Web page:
|Número de publicación||US20080125686 A1|
|Tipo de publicación||Solicitud|
|Número de solicitud||US 11/606,617|
|Fecha de publicación||29 May 2008|
|Fecha de presentación||29 Nov 2006|
|Fecha de prioridad||29 Nov 2006|
|También publicado como||WO2008136806A2, WO2008136806A3|
|Número de publicación||11606617, 606617, US 2008/0125686 A1, US 2008/125686 A1, US 20080125686 A1, US 20080125686A1, US 2008125686 A1, US 2008125686A1, US-A1-20080125686, US-A1-2008125686, US2008/0125686A1, US2008/125686A1, US20080125686 A1, US20080125686A1, US2008125686 A1, US2008125686A1|
|Cesionario original||Denny Lo|
|Exportar cita||BiBTeX, EndNote, RefMan|
|Citada por (25), Clasificaciones (8), Eventos legales (2)|
|Enlaces externos: USPTO, Cesión de USPTO, Espacenet|
The present invention relates generally to devices for promoting hemostasis and, more particularly, to hemostatic agents in which exothermic reactions can be modulated and devices incorporating such agents.
Blood is a liquid tissue that includes red cells, white cells, corpuscles, and platelets dispersed in a liquid phase. The liquid phase is plasma, which includes acids, lipids, solubilzed electrolytes, and proteins. The proteins are suspended in the liquid phase and can be separated out of the liquid phase by any of a variety of methods such as filtration, centrifugation, electrophoresis, and immunochemical techniques. One particular protein suspended in the liquid phase is fibrinogen. When bleeding occurs, the fibrinogen reacts with water and thrombin (an enzyme) to form fibrin, which is insoluble in blood and polymerizes to form clots.
In a wide variety of circumstances, animals, including humans, can be wounded. Often bleeding is associated with such wounds. In some circumstances, the wound and the bleeding are minor, and normal blood clotting functions in addition to the application of simple first aid are all that is required. Unfortunately, however, in other circumstances substantial bleeding can occur. These situations usually require specialized equipment and materials as well as personnel trained to administer appropriate aid. If such aid is not readily available, excessive blood loss can occur. When bleeding is severe, sometimes the immediate availability of equipment and trained personnel is still insufficient to stanch the flow of blood in a timely manner.
Moreover, severe wounds can often be inflicted in remote areas or in situations, such as on a battlefield, where adequate medical assistance is not immediately available. In these instances, it is important to stop bleeding, even in less severe wounds, long enough to allow the injured person or animal to receive medical attention.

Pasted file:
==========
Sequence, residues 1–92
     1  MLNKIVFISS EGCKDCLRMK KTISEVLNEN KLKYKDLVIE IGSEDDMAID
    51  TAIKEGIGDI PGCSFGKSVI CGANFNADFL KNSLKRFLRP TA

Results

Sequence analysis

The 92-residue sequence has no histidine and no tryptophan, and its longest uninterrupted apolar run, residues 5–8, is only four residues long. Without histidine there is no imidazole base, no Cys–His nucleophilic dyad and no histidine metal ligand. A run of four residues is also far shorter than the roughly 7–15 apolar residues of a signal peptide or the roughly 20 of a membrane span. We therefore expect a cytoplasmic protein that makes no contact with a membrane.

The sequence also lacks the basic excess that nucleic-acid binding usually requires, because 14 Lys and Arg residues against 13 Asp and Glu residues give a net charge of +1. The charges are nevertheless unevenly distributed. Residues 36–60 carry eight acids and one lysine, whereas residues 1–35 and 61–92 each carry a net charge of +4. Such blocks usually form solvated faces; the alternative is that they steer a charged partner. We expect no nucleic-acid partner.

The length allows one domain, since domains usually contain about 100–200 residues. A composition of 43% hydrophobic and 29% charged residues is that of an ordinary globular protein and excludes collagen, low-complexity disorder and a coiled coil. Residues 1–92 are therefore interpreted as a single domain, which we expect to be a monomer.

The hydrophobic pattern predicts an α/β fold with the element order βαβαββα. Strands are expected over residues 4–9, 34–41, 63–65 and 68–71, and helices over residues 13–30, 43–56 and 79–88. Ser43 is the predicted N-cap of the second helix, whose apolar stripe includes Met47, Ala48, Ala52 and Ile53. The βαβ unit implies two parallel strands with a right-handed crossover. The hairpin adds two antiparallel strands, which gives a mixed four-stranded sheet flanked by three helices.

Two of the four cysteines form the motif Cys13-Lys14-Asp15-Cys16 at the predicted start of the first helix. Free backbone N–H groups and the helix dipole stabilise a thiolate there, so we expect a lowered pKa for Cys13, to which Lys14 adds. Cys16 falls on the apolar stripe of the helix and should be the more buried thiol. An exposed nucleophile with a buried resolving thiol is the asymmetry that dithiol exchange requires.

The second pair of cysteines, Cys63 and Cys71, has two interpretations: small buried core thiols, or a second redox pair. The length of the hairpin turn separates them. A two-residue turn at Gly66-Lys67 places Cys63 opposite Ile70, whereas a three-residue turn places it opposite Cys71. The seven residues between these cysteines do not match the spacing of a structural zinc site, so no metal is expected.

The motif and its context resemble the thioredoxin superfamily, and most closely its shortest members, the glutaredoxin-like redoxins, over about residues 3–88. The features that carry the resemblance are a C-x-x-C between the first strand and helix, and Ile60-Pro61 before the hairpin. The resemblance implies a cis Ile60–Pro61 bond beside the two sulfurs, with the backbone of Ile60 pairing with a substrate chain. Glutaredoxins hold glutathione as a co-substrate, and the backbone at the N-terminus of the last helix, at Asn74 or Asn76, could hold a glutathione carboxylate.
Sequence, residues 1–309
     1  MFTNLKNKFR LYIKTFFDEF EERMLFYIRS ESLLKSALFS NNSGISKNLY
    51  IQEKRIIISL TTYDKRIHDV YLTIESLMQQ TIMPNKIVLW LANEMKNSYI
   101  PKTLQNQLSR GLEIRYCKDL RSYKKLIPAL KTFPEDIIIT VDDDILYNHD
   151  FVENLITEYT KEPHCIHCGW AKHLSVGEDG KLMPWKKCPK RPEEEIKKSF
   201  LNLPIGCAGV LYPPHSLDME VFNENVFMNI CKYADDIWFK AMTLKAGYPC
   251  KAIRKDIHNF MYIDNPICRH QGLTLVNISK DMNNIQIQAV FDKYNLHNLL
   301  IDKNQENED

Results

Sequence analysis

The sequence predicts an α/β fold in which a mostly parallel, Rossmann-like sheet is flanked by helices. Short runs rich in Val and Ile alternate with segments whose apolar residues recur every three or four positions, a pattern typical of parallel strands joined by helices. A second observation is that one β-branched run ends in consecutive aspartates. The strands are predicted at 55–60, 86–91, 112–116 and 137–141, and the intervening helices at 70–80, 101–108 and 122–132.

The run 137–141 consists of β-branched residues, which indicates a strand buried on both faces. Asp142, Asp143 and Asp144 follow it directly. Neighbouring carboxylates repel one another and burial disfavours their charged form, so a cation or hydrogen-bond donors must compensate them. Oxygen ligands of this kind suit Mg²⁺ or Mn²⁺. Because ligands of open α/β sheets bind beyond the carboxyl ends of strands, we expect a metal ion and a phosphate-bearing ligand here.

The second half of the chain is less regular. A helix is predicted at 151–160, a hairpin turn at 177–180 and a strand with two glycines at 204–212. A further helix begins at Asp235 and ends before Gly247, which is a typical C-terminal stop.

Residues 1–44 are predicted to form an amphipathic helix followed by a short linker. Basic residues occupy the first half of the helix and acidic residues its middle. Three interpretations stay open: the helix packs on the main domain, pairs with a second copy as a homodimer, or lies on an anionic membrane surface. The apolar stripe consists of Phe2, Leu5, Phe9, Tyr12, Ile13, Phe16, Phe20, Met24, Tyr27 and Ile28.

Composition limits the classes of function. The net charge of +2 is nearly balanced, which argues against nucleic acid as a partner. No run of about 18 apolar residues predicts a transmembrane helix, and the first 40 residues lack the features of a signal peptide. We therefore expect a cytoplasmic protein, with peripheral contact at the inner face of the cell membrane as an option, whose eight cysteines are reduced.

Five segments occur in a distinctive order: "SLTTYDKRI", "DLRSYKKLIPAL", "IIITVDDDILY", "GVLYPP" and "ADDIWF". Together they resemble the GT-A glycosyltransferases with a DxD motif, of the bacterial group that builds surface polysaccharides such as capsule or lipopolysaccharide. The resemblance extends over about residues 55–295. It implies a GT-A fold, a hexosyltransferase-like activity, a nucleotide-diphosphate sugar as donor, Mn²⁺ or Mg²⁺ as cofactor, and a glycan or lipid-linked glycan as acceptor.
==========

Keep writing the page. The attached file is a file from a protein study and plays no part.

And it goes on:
In an effort to address the above-described problems, materials have been developed for controlling excessive bleeding in situations where conventional aid is unavailable or less than optimally effective. Although these materials have been shown to be somewhat successful, they are sometimes not effective enough for traumatic wounds and tend to be expensive. Furthermore, these materials are sometimes ineffective in some situations and can be difficult to apply as well as remove from a wound.
Additionally, or alternatively, the previously developed materials can produce undesirable side effects. For example, one type of prior art blood clotting material is generally a powder or a fine particulate in which the surface area of the material often produces an exothermic reaction upon the application of the material to blood. Oftentimes excess material is unnecessarily poured onto a wound, which can exacerbate the exothermic effects. Depending upon the specific attributes of the material, the resulting exothermia may be sufficient to cause discomfort to or even burn the patient. Although some prior art patents specifically recite the resulting exothermia as being a desirable feature that can provide clotting effects to the wound that are similar to cauterization, there exists the possibility that the tissue at and around the wound site may be undesirably impacted.